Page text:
Dead Island - If you Can't Help Me, Just Die
Pop Matters has written an editorial on Dead Island. It goes into the mechanics, narrative and themes. Here is a snippet:
The context is where the explicit violence comes in. Zombies are brutal, unrelenting enemies, and the only way to deal with them is to be brutal and unrelenting in return. Cutting off their limbs is gory but this gore isn’t exploitative because it has a tactical purpose. We’re disarming them (pun intended), taking away their weapons. We commit acts of extreme violence because it’s the best way to survive in this world. In this way, Dead Island weds horror and survival in a way that most games don’t consider, as two things intrinsically linked. To survive in the resort, we commit the very acts of horror that leave those disturbing blood trails across the world. There’s a cyclical nature to it, allowing us to be horrified by our own violent acts of survival. But if that’s what it takes, “so be it”, says Dead Island.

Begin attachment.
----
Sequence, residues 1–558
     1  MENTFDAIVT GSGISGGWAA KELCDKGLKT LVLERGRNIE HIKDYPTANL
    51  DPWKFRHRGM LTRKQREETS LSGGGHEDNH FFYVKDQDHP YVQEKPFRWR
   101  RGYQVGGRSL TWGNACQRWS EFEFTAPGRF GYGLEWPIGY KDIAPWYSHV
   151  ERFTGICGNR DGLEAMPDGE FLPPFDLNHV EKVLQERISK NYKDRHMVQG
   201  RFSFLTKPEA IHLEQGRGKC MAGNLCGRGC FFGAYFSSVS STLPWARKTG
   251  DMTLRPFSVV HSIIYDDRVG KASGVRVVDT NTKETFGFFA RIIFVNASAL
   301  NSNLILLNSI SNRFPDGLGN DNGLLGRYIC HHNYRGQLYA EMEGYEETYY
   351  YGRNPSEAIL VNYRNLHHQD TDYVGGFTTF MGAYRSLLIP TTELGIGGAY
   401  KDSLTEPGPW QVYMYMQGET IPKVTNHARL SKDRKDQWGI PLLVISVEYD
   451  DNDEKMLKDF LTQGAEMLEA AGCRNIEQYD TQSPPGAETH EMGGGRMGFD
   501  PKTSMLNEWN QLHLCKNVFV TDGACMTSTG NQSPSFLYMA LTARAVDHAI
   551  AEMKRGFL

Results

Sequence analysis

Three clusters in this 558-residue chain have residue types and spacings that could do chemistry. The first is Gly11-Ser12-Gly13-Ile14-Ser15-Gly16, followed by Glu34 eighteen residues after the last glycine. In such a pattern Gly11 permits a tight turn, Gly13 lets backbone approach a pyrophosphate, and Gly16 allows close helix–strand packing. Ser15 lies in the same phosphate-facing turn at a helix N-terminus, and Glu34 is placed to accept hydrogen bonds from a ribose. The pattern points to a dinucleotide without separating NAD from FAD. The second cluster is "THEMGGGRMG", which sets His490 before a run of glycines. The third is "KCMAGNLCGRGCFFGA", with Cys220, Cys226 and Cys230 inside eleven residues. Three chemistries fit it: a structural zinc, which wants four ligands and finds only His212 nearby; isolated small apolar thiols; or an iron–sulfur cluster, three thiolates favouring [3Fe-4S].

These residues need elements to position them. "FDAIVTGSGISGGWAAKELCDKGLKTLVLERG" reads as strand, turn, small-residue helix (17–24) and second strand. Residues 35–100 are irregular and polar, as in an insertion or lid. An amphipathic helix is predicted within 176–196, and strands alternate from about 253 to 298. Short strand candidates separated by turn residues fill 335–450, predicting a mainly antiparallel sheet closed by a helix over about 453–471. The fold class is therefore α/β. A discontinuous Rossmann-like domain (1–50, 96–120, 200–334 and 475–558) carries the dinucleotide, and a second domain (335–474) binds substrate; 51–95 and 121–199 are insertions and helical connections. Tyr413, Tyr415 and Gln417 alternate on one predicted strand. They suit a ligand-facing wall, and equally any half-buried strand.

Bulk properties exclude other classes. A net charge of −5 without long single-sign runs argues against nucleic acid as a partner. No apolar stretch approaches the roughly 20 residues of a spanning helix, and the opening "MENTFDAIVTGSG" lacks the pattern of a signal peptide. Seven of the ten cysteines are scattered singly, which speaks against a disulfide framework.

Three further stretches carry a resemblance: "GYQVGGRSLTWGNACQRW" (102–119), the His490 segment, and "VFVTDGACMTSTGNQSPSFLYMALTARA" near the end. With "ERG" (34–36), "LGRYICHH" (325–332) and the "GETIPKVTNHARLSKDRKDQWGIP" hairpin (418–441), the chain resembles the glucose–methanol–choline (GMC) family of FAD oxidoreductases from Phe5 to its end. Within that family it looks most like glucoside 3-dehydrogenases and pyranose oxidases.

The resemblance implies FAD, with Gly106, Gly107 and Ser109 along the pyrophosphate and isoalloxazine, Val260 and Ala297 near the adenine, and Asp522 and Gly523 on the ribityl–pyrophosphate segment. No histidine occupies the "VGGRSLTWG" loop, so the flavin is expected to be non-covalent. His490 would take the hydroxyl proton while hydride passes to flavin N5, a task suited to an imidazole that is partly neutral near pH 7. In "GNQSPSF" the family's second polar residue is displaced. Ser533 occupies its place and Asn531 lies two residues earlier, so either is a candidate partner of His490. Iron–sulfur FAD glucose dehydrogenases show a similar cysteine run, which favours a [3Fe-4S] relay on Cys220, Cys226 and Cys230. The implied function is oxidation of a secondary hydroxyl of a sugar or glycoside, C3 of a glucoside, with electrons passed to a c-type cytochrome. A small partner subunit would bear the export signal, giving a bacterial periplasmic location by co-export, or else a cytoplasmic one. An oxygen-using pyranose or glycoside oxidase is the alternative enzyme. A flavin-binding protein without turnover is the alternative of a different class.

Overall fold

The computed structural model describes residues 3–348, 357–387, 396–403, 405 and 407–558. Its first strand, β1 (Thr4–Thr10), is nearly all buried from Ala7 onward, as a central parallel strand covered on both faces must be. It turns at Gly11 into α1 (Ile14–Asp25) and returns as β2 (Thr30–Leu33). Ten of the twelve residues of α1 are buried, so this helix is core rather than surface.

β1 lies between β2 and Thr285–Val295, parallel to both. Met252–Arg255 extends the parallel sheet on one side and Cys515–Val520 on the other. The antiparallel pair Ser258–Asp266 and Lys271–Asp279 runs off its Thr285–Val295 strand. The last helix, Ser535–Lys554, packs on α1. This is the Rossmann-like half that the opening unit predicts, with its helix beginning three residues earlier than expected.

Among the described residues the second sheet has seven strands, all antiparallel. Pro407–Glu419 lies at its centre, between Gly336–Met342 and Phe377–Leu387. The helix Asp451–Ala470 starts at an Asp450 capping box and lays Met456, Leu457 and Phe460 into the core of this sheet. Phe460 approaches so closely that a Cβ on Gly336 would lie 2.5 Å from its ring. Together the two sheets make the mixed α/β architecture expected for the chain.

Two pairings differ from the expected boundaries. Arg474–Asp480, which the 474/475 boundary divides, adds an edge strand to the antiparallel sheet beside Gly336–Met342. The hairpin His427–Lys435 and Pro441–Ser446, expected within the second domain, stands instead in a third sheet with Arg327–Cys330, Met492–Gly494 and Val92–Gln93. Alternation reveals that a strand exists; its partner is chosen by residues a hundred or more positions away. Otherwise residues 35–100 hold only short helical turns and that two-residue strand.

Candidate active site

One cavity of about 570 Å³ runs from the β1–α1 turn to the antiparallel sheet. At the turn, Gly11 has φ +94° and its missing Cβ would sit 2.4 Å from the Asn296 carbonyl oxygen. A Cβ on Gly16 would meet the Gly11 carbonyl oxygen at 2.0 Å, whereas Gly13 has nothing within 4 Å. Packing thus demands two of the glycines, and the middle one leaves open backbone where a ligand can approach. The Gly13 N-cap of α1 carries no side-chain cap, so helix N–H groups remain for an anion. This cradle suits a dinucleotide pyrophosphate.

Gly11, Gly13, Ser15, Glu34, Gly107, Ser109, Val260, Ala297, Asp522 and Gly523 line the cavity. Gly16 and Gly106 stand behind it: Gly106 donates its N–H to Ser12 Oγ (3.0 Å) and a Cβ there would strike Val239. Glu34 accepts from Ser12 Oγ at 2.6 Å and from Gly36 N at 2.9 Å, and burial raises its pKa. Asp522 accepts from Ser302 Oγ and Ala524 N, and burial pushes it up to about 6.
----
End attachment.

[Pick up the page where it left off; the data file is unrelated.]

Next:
The game is at its best when it strikes a perfect and precarious balance between violence and support, offering up zombies and health packs in equal measure. It fails when some aspect goes out of balance, like in the city of Moresby, in which there are far more zombies than health items. Here, it can feel like the game is ganging up on you and your death is unfair. Thankfully, Moresby is the outlier in Dead Island. In the rest of the game, death feels fair, as long as you’re willing to abandon friends for your own survival that is. Despite its co-op mode, Dead Island pits you, and only you, against the world. Now that’s survival-horror at its finest.
Information aboutDead Island
SP/MP: Single + MP
Platform: PC, Xbox 360, PS3